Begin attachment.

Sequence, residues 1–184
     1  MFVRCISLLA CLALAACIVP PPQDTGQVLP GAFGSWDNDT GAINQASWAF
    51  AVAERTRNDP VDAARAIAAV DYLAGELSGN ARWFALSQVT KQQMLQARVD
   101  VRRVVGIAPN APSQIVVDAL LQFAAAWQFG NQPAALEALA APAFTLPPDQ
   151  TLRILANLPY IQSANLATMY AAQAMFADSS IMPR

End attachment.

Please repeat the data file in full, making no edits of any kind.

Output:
Sequence, residues 1–184
     1  MFVRCISLLA CLALAACIVP PPQDTGQVLP GAFGSWDNDT GAINQASWAF
    51  AVAERTRNDP VDAARAIAAV DYLAGELSGN ARWFALSQVT KQQMLQARVD
   101  VRRVVGIAPN APSQIVVDAL LQFAAAWQFG NQPAALEALA APAFTLPPDQ
   151  TLRILANLPY IQSANLATMY AAQAMFADSS IMPR